Beginner’s Guide to 3D Printing Body Parts

- Materials

Prototype jawbone replacement fitting test

Undergraduate student Matthew Haldon discusses 3D printing for bone cancer victims, sharing work from a group project his team is completing under Dr Andrey Molotnikov.

What are you working on right now?

I’m creating a partial 3D-printed jaw implant for a bone cancer patient, as part of the MTE5886 Additive Manufacturing with Metals group project.

What are some of the challenges involved in 3D printing body parts? How did you address these in your own work?

Our focus was on making the design printable, while also custom tailored to the patient. It also has to be lightweight while filling the jaw line so that it will look natural after surgery.

This project provided a lot of insight into printing biomedical implants. For example, we hoped to use cell growth to promote adhesion between the implant and the bone, however we found out that this strategy is limited because the patient has to undergo chemotherapy six weeks after the implant surgery. This is to ensure that all cancerous cells have been killed, but it also destroys any new bone growth. As a result, bone glue is now used as the main method of adhesion, greatly increasing the risk of fatigue and cracking.

How did you go about printing the jawbones? Any technical difficulties you experienced?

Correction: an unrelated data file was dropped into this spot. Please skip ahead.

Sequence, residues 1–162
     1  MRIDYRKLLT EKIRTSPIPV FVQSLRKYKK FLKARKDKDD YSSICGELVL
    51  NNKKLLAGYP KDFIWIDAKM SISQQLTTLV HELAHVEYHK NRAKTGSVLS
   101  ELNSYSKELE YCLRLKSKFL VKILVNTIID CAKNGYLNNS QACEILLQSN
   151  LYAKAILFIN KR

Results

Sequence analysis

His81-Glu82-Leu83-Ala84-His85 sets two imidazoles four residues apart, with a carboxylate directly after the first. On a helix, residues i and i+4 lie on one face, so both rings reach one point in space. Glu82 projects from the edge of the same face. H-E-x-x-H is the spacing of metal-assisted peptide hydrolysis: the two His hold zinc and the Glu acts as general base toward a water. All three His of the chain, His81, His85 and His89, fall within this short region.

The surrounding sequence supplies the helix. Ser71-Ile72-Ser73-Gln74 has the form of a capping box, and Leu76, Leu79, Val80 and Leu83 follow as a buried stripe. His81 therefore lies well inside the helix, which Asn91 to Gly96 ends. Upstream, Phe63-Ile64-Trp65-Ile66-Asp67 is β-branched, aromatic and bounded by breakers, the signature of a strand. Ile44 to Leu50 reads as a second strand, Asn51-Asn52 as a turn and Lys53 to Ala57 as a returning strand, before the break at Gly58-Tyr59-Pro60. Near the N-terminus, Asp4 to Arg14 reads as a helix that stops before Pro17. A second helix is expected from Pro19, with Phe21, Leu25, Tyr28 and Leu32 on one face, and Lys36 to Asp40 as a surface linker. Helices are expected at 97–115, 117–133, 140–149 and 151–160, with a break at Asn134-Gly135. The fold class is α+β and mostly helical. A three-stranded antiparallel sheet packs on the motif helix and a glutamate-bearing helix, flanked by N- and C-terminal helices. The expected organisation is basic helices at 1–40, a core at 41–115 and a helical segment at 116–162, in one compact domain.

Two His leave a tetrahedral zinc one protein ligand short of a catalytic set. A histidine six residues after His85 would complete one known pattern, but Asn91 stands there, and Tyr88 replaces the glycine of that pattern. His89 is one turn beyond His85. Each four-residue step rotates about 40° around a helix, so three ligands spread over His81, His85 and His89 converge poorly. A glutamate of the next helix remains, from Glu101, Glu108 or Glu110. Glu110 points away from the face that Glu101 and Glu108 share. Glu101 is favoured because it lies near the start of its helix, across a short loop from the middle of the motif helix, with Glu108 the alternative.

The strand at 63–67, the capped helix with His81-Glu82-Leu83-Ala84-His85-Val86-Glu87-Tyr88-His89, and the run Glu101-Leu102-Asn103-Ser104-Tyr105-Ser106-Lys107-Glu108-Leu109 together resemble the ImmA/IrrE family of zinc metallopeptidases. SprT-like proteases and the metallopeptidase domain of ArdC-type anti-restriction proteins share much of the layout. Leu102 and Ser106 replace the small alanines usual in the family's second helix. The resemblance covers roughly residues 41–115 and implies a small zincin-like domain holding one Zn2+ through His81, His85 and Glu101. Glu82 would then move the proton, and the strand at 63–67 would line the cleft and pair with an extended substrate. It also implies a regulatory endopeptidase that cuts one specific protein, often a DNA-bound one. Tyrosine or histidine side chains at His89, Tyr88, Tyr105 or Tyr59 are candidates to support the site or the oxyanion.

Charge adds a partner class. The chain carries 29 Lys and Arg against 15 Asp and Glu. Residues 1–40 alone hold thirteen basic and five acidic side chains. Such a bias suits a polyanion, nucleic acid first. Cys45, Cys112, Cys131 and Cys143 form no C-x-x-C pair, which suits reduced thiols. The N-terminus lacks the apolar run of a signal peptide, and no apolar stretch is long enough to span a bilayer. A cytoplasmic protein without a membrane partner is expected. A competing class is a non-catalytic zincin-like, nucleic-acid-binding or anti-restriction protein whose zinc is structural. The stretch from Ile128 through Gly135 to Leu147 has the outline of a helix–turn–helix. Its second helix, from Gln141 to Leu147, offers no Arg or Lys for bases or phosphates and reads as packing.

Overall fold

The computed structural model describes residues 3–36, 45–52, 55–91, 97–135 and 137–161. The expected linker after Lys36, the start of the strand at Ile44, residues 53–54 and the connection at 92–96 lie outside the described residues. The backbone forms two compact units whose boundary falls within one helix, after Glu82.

For the prototyping we printed plastic jawbones and implants in PLA with a desktop Fused Disposition Modelling (FDM) printer. The biggest issue we found was finding a way to make accurate cuts into the remaining jawbone for the teeth to set in. For the plastic model we could use metal files and epoxy paste to get a close fit – a surgeon operating on live bone would have to be much more delicate! Rather than change the design, though, our first solution to this problem would be to create several smaller ‘stencil’ parts that can clip over the remaining bone and guide the surgeon in making their cuts.

What possibilities does this type of printing hold for wider use?

3D printing is best suited to the production of specialised, high-impact but low production volume parts, which cannot be manufactured by faster traditional manufacturing techniques. The bone implant we developed is a perfect example of this, as we were able to effortlessly replicate the patient’s jaw shape. This represents a significant growth area for additive manufacturing.

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Beginner's Guide